For the first time in nine years, the Federal Reserve is set to hike interest rates. It's set to make its announcement this afternoon.
Experts said a federal funds rate hike is likely. That's the rate banks charge each other, but it also ends up impacting how much you'll pay for things like home loans and credit cards.
"The Fed will probably boost interest rates by 1/4 of 1 percent," says Bernard Weinstein, professor at Southern Methodist's Cox School of Business. "We need to remember that interest rates have been close to zero for the last five years."
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That means the interest rates you pay will go up too.
"I do think we can anticipate some very small increases as well as consumer interest rates," Weinstein said.
Experts say that doesn't mean you need to run out and buy a house because nothing's going to change quickly or by much right away. How much more can you expect to pay?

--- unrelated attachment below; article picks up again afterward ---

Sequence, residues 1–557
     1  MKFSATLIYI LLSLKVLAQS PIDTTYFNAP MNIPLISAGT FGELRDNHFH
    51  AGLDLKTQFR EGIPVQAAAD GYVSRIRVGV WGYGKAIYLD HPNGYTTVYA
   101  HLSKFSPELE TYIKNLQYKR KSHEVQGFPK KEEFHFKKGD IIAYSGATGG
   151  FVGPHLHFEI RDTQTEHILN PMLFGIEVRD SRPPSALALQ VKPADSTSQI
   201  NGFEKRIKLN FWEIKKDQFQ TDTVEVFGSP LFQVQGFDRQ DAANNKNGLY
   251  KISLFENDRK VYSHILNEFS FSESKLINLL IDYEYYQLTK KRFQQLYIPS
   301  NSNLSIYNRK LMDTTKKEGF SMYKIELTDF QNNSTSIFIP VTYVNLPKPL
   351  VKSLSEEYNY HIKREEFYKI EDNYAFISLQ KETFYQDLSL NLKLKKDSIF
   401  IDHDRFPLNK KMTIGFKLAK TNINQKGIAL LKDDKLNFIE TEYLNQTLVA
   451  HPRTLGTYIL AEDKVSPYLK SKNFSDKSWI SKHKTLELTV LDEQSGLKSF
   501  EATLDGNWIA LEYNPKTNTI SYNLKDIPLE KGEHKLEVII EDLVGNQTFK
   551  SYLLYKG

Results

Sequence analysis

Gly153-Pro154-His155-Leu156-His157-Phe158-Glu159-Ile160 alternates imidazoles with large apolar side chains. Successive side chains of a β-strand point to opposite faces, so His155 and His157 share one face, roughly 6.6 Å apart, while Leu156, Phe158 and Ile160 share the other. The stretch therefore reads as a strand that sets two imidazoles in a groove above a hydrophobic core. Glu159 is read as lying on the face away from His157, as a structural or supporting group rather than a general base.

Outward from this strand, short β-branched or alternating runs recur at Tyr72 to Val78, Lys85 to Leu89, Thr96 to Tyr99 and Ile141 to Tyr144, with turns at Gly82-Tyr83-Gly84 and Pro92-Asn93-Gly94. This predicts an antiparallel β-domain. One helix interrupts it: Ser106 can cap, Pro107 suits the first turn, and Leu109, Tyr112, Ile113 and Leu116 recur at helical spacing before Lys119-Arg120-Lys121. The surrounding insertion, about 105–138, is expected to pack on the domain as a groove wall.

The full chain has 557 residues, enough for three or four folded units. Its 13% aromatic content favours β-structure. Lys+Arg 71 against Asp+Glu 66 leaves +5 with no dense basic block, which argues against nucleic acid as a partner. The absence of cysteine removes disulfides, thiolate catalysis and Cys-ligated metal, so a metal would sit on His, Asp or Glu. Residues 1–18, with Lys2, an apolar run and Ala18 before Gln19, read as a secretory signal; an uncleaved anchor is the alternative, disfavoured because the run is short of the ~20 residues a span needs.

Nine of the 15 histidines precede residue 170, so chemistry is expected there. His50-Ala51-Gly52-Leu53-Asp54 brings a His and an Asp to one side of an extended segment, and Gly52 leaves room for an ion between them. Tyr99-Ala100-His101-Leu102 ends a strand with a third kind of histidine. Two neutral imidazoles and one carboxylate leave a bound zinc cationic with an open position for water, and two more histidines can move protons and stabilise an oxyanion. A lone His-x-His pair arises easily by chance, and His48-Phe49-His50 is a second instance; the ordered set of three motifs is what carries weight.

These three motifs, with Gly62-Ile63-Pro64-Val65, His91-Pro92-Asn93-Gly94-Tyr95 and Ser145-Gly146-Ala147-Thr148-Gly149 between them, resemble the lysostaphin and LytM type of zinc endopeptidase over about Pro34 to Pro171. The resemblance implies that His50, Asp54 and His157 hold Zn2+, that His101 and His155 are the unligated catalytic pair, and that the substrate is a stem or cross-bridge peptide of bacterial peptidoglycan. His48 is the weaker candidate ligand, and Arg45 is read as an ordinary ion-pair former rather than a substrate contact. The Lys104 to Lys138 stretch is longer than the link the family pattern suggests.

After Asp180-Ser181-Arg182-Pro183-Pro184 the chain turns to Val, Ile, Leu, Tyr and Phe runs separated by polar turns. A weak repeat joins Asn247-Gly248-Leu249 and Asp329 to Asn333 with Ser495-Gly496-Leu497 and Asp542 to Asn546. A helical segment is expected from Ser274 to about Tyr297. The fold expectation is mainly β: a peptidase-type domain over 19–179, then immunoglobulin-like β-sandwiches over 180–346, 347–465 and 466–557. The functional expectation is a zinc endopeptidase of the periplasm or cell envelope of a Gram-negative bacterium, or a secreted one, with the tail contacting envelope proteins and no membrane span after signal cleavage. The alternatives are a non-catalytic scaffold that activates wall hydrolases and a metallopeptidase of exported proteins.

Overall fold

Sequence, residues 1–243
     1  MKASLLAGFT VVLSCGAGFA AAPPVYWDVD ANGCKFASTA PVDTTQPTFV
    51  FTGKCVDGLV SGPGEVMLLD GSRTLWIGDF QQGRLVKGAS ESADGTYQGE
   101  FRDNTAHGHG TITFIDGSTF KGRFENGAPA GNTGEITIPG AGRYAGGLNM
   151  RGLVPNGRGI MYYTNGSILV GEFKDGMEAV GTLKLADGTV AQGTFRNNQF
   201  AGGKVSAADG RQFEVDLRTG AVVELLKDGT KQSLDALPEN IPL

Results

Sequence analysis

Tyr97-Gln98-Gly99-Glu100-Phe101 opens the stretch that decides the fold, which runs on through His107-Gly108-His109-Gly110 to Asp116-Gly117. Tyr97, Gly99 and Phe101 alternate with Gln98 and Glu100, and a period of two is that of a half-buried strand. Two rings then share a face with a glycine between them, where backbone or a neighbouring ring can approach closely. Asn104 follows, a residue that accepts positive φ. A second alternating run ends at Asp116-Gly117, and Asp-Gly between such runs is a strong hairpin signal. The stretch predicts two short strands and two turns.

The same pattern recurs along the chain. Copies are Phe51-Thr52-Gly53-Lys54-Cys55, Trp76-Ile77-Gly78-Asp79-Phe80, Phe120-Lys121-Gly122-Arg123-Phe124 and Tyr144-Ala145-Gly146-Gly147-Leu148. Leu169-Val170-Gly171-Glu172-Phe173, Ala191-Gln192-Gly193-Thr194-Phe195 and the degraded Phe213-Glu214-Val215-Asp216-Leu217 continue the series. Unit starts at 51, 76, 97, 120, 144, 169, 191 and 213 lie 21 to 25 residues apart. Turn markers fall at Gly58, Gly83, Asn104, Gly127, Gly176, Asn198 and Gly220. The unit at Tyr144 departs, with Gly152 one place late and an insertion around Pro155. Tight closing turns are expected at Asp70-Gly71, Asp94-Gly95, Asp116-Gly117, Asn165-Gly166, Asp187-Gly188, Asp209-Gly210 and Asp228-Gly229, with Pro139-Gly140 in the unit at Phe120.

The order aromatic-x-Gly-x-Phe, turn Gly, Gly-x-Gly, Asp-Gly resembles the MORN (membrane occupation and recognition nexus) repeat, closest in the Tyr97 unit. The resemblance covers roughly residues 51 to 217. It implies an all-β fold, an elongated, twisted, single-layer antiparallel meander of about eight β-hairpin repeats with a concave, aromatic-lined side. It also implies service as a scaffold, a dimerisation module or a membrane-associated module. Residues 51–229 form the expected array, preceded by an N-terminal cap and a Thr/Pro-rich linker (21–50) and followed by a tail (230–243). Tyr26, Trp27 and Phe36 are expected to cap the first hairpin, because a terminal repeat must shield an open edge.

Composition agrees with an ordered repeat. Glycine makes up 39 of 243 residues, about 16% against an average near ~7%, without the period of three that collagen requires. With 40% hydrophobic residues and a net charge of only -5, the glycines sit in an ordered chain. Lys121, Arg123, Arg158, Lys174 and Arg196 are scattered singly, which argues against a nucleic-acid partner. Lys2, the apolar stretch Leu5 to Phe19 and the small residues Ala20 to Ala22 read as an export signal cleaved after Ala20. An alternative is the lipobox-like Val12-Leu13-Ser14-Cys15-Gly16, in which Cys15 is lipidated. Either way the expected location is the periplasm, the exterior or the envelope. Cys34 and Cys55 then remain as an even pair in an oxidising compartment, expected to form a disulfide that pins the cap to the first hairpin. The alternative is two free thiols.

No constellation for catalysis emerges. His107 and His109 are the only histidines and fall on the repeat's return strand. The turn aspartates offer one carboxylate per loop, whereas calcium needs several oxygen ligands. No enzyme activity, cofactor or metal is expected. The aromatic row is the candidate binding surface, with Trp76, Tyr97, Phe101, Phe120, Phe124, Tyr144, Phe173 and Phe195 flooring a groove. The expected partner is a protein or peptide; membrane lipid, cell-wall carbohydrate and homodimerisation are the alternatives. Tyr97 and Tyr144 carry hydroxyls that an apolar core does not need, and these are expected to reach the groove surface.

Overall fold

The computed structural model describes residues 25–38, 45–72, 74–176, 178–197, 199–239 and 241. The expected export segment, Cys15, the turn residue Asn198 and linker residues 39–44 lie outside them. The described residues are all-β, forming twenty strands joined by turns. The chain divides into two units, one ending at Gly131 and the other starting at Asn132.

"If you have a variable [mortgage] rate, you'll pay extra $10," Weinstein said.
Weinstein also said there will be slight increases in consumer credit card rates, but those shouldn't impact prices much or consumer buying. The rate you get for savings accounts should go up too- eventually.
The cheap money was meant to help boost the economy. Economists say the fact that the Fed is even considering raising rates means the economy is doing better than before. Many stocks closed higher yesterday and the market is already doing well today, means Wall Street's ready for a rate hike too.
The Fed announcement is set to take place at 2 p.m. followed by a press conference at 2:30 p.m.